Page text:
DALLAS, Jul 27, 1999/ FW/ — “I remember the first time I went to look up ‘mannequin’ at the UCLA research library in 1978, I came up with nothing! It literally took detective work to track down information regarding historical mannequins,” quoted Marsha when I asked her when and how did she start researching mannequins.
“There are so many adventures to write about to describe how I got all my materials and created my archive about mannequins. Like this mannequin photo. (Photo on the left) I was introduced to the grandson of Pierre Imans, who sold me this collection of 100 rare photos. At the time he had an antique boutique across from the Louvre. It was when I went to EuroShop in Dusseldorf. I took the train throughout Europe, visiting as many mannequin manufacturers as possible; continuing this quest in the fall.”
“Adel Rootstein was my mentor, my ‘mannequin angel’; I told her about the rare collection of Pierre Imans photos which I had found in Paris, that I could not afford at that time. She said that I must have them for my work, so she wired the money to Paris on my behalf.” (Editor’s note: I can hear from Marsha’s voice the respect, love and admiration she has for Adel Rootstein when she was telling me this.)
“Eventually, I sold a rare and precious piano, to pay her back,” Marsha finished with a small sigh. I could see that it was hard for her to do that, but I also understood that these photographs were so precious. It was a hard choice to make, and the mannequins won.
As it turned out, both Adel Rootstein and Marsha Bentley Hale were right about the historical value of these photographs which is priceless. In this collection of Pierre Imans mannequin photos, there was a possibility that one was designed by Erte. Marsha wrote to Erte and he wrote back that he may very well have designed one of the mannequins in the photo collection.
Hearing Marsha in person talking about her experiences in building The Mannequin Museum Archive is a small miracle for me. I have been looking for Marsha for a long time. I read her articles at VM&SD and the Smithsonian article Mannequins:Fantasy Figures of High Fashion wherein the authors got most of their historical facts about mannequins from her archives. I have always wanted to meet her, just never had the chance.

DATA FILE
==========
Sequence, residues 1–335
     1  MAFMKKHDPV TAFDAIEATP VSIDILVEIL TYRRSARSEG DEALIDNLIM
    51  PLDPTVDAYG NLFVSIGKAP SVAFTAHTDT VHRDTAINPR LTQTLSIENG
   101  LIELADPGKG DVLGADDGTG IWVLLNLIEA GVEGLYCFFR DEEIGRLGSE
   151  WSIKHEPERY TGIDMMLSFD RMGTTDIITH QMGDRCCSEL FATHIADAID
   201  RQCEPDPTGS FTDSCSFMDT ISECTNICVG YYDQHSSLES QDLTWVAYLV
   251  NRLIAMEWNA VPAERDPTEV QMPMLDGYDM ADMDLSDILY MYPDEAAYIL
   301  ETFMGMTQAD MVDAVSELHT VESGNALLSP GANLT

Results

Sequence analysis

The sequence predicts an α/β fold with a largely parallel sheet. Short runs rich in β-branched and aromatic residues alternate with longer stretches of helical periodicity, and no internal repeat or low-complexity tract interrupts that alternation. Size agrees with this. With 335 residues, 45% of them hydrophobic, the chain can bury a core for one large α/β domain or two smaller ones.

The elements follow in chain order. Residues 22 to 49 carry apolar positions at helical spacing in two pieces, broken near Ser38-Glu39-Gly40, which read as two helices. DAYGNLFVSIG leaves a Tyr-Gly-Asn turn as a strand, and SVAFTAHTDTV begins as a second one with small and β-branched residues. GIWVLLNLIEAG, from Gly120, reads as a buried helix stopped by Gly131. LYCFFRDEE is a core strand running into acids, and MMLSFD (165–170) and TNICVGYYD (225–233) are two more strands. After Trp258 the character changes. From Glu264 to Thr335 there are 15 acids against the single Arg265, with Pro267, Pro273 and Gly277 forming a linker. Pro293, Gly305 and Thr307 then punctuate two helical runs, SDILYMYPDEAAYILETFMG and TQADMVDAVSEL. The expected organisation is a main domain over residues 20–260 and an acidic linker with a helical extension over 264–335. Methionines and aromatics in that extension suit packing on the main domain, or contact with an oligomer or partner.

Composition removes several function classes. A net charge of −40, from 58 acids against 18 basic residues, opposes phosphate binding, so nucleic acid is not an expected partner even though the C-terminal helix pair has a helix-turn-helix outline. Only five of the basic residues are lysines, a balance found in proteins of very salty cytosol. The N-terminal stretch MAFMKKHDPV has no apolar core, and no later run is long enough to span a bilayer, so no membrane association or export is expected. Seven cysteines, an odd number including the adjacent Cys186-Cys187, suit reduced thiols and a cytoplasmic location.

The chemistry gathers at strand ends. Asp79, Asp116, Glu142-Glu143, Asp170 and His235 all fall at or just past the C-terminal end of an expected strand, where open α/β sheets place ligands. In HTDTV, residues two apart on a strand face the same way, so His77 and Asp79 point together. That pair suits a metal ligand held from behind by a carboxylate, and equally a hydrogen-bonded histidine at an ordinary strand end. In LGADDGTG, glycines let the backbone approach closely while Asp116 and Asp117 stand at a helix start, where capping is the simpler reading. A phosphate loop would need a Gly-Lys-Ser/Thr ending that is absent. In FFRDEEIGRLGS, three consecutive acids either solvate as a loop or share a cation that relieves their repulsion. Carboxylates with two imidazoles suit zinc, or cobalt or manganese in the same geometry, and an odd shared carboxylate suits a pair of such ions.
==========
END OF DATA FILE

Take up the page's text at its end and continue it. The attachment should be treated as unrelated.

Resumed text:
In my mind, I had formed an idea that Marsha is of amazonic proportions with a stiff upper lip like a typical academician. I saw her travelling all over the world, saving historical and modern mannequins, wrapping them in acid-free paper to be stored and opened in the future. If Adel Rootstein is the Mannequin Angel, Marsha Bentley Hale is the Patron Saint of Mannequins in my eyes.
When I finally met Marsha, I realized that I was wrong about the stiff upper lip and amazonic proportions. Marsha Bentley Hale is very down-to-earth, so full of life, with a lilt in her voice when she speaks. As expected, she talks passionately about mannequins. It has been a part of her life for a quarter of century now. She has a great sense of humour and thinks of her research about mannequins as an adventure.
“I travelled all over the world to get my materials; wrote a lot of letters and talked to so many people,” she quoted.
“Mannequins have affected history in more ways than you can imagine,” she said. I wanted her to expound on that, to tell me more, and she said that she will just send me the materials or else we will be talking the whole night through.
She told me about her archive of magazine and newspaper articles which she had organized chronologically, with separate folders for manufacturers and by subjects such as fine art – utilizing mannequins or films with mannequins as props or part of the storyline.
“I have a fairly large collection of original folded catalogs (these are the more contemporary presentation of mannequins), and in storage I have some wonderful rare Pierre Imans catalogs which I purchased in Paris, from a tiny, tiny store that was probably only eight feet wide.”
“Is there a book in the making?” I asked Marsha.
“Yes, and a lot of more. I finally joined cyberspace and I’m planning to make my archive available using computer technology. I’m also working on the Virtual Mannequin Museum. So many things to do, so little time.”
When she said that, I smiled. Knowing her, I know that she will not stop until all those plans come into reality. Keep an eye on Marsha Bentley Hale. Her work will be coming to a bookstore or computer store near you.